The latest video from Matt Cutts talks about the value of SEO to Google.
The questioner asks:
"Why does Google support SEO specialists with advice? Google's business is to sell text ads..."?
Matt explains that Google sees SEO helping, rather than hindering, their business model long term.
SEOs create - and encourage site-owners to create - the very sites that Google's technology demands i.e. context accessible by an automated crawler, largely text based, and clearly marked up.
By having sites that jive well with Google's technology, this lowers Google's costs, and helps make Google results more relevant in the eyes of the end user. The larger their index, the more chances Google has to answer the query. SEOs love creating crawlable content!
This means the end user keeps coming back, which in turn translates to Google's bottom line.
It's also a good idea to give webmasters something, else Google risks an more adversarial relationship, which again can cause Google problems.
So SEO is good for Google's business - the "good" type of SEO, as defined by Google, of course.
Matt, as always, is giving the side of the story Google wants you to hear.
His position sounds reasonable, generous, and inclusive, and it is - in many respects. But make no mistake - Google aren't there for webmasters. Google will do what is good for Google. If SEO was bad for Google, Google would not be reaching out to the SEO community, in much the same way they don't reach out to, say, the malware writer community. They just stamp it out.
Matt is a master of public relations. Webmasters can learn a lot from Matt in terms of how to handle their own public relations challenges.
Here are a few pointers, based on Matt Cutts approach:
Public Relations Is Relations With The Public
Matt doesn't talk from on high. He doesn't talk at his audience. He talks with them. He attends events where his audience congregate, and he encourages interaction and questions. This activity serves to build a personal relationship, which helps make his messages easier to convey and sell.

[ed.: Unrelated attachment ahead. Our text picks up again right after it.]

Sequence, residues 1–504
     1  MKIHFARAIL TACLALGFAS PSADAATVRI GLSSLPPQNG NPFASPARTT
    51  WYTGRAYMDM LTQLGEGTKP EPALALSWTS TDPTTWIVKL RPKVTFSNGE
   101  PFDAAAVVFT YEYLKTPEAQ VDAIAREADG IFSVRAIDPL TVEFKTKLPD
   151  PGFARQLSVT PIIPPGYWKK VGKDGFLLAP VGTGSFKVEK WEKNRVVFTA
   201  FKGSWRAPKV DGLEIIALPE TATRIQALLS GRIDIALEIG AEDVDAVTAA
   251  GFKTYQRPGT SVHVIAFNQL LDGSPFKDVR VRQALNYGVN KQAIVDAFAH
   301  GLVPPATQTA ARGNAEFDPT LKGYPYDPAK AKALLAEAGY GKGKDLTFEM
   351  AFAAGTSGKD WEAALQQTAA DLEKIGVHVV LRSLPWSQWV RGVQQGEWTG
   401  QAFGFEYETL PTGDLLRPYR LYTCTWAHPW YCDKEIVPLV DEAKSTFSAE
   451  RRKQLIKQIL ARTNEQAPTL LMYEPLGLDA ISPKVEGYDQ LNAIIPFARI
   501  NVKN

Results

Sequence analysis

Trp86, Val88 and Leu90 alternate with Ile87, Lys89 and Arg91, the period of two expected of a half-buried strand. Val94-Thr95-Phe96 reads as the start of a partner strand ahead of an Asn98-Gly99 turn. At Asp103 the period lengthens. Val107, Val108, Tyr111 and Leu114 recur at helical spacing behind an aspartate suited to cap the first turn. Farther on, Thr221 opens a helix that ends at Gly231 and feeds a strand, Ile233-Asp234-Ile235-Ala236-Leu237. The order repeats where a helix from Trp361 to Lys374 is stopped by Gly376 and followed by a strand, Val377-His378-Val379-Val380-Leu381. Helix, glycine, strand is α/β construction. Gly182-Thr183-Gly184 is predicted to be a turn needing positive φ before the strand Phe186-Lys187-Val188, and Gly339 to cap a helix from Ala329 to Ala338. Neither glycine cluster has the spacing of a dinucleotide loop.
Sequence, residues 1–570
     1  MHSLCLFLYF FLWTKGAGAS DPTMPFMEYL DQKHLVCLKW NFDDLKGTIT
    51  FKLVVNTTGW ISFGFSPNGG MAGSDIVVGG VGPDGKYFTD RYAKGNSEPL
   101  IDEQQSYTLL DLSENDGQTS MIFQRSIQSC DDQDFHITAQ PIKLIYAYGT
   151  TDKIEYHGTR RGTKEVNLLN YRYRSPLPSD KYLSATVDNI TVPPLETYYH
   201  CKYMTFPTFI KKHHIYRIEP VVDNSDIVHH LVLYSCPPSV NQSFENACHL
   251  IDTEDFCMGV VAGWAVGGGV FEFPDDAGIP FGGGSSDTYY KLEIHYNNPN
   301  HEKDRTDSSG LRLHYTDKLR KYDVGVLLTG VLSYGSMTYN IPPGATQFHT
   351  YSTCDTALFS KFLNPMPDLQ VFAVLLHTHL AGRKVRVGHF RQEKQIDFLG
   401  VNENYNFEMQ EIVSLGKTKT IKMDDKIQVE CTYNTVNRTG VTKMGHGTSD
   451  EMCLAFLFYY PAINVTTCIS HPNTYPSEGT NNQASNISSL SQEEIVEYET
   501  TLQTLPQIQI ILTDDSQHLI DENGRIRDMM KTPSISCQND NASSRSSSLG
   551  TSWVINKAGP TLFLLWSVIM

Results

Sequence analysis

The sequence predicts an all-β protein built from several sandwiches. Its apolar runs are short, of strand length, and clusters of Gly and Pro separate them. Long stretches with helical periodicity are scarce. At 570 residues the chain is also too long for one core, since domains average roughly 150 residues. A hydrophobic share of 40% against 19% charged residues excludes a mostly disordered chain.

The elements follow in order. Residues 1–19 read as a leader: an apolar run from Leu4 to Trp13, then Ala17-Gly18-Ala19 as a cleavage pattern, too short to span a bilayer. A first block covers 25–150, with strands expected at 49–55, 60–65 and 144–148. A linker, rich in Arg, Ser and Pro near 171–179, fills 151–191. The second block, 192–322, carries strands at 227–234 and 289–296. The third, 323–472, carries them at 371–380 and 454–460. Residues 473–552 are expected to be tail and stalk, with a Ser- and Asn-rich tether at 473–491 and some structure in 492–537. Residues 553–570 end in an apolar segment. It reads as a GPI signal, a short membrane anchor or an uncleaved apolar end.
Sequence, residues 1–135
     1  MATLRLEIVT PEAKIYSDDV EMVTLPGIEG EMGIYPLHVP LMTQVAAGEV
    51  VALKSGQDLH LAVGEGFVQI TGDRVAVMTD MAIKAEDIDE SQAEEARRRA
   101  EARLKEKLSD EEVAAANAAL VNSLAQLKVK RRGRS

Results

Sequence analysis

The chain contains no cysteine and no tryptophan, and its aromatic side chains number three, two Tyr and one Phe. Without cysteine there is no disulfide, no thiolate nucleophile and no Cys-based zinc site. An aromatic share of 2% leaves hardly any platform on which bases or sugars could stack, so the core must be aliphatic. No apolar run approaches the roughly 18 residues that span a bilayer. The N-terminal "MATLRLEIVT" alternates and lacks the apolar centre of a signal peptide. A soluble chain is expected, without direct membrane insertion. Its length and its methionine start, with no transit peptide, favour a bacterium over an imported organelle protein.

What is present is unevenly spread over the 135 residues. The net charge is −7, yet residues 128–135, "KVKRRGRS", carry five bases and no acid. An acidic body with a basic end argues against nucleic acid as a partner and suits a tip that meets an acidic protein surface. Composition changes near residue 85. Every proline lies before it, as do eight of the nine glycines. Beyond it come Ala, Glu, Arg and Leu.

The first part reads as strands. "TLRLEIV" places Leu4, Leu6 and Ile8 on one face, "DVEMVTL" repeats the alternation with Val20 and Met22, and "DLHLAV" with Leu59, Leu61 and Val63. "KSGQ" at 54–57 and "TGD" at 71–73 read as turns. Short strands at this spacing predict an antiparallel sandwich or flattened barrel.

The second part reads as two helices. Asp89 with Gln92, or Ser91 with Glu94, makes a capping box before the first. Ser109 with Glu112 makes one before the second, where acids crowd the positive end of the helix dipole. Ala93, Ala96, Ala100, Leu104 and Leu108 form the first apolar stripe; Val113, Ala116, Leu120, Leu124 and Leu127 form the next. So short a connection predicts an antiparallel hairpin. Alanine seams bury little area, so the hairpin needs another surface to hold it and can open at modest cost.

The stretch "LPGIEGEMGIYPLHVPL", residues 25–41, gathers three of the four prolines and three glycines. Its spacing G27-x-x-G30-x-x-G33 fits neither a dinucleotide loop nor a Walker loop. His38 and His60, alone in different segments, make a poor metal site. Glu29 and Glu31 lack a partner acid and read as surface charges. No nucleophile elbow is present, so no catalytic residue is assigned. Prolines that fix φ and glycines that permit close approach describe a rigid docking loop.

Look for ways in which you can go *to* your audience/customers. Where do they hang out? Address them on their own terms, and in their own environment. Regularly encourage questions, criticism and feedback. When it comes time to announce new products and services, your audience is likely to be more receptive than if your communications are anonymous and sporadic.
Ok, this might be all very well for Matt Cutts. Everyone pays attention to Google, because Google are important. However, no matter how big or small your audience, you still must find a way to relate to them.
These days, it's not so much what people say, it's often who is saying it. Modern media is driven by personalities. The content of the message is seldom good enough to stick, unless it is truly remarkable.
People listen to Matt in ways they don't listen to an anonymous Google press release because of the personal relationship he has worked hard to establish. This works just as well for small businesses. In fact, this is one of the big advantages of a small business - the personal touch. Google is a big company, but they work hard to appear like a small one, at least in terms of their personal relations approach with webmasters.
Matt also gets out in front of issues. If there's something going on in the web community relating to his area, he's almost certainly quick to comment on it. By doing so, he can control and frame the conversation in terms that suit Google. If there are industry issues that relate to your work or company, use them as an opportunity to grab the spotlight. Try to become the media go-to person in your local community for issues by building relationships with media and news outlets.
PR consultants aren't quite as necessary as they used to be. They aren't redundant, but the most important lesson to learn from Matt Cutts is that PR is something you need to embody. It's not just a function that you slap on, or hire in, when it suits, and still be as effective. Make PR flow through all you do.
Matt's greatest skill is not making it look like PR at all.
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